Martha Stahl loves where she waitresses now — Mickey’s Tavern on Madison’s Near East Side — but over the course of 38 years in the restaurant business, she’s had a few bad employers.
“I’ve had jobs where they don’t pay out the credit card tips,” said Stahl, 53. “They say it will be on your next paycheck, but you never receive it.”
Some Madison restaurants, in fact, “are notorious for that,” Stahl said. Such places get a poor reputation among workers, but customers may never find out, she said.
Two Madison organizations have undertaken a project that could change that. The Interfaith Coalition for Worker Justice and the Workers’ Rights Center are collaborating on a guide to Downtown Madison restaurants to inform customers and employees about the working conditions for the people who cook, prepare and serve food.
The major faith traditions speak directly to paying workers a fair wage in a timely fashion, said Rabbi Renee Bauer, the coalition’s executive director.
“We live in a very foodie town. People think a lot about what goes into their food and about buying local, which is great,” she said. “We also want them to think of the human face and the human dignity behind the food.”
Stahl, who is helping with the project, said the main goals are to encourage substandard employers to improve, and to recognize restaurants that go above and beyond minimum labor standards.
“There are some places that do things for their employees that are just amazing, and we think customers here will want to know that,” she said.
The Madison guide will be loosely patterned after one published by Restaurant Opportunities Centers United, a New York nonprofit that rated 150 national restaurants on wages, benefits and promotional practices. That guide can be found at rocunited.org.
Locally, information is being gathered in a variety of ways, said Patrick Hickey, director of the Workers’ Rights Center.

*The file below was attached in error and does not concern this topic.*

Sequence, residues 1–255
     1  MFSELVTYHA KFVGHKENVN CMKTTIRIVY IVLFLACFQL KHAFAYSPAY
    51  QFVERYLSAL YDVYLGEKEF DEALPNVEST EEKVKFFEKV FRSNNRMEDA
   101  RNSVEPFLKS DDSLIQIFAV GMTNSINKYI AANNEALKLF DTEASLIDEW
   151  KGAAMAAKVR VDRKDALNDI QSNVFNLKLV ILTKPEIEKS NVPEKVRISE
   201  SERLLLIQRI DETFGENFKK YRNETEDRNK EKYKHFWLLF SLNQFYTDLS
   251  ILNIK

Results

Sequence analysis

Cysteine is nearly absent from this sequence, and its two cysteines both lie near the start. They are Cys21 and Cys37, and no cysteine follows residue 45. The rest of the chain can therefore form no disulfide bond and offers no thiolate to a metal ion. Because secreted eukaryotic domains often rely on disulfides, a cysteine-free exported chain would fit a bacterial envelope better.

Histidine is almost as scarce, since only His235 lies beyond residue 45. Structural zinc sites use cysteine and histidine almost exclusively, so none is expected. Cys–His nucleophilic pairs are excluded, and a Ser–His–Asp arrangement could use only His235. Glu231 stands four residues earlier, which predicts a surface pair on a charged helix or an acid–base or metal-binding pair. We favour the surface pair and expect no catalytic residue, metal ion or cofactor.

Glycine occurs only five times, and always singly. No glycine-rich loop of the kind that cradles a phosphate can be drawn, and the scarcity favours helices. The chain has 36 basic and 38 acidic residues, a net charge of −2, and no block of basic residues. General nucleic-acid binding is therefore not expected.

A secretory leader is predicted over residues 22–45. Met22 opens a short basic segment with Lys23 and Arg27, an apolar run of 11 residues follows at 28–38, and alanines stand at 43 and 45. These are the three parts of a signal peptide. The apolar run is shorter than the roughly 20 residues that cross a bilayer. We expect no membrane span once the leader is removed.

Volunteers began handing out surveys on State Street in mid-March to people currently or previously employed at Downtown Madison restaurants. By this fall, the two organizations expect to have surveyed more than 1,000 workers.
Restaurant owners are being sent surveys, too, and they will have a chance to view the final data before publication, Hickey said.
Hickey said the guide will stick to facts. For instance, does the restaurant provide health insurance, paid vacation time and opportunities for advancement? Public records will be incorporated, such as wage and discrimination complaints filed with government agencies. Lawyers will make sure the guide doesn’t become a platform for bitter or fired ex-employees, he said.
The Wisconsin Restaurant Association said it didn’t have enough information to comment specifically about the initiative. But the association’s Pete Hanson said if diners are “looking for a quality restaurant and a great dining experience, it’s best to reference a guide based on a variety of factors, like meal quality or food safety practices.” The association has a dining guide at wirestaurant.org.
Hickey said the goal is to finish the Madison guide by late September. Hard copies will be distributed throughout Downtown, and a searchable version will be available online. Hickey hopes restaurants that are highly rated will want to distribute the guide.
Religion-related story ideas? Contact Doug Erickson at email@example.com
Be the first to know
Get local news delivered to your inbox!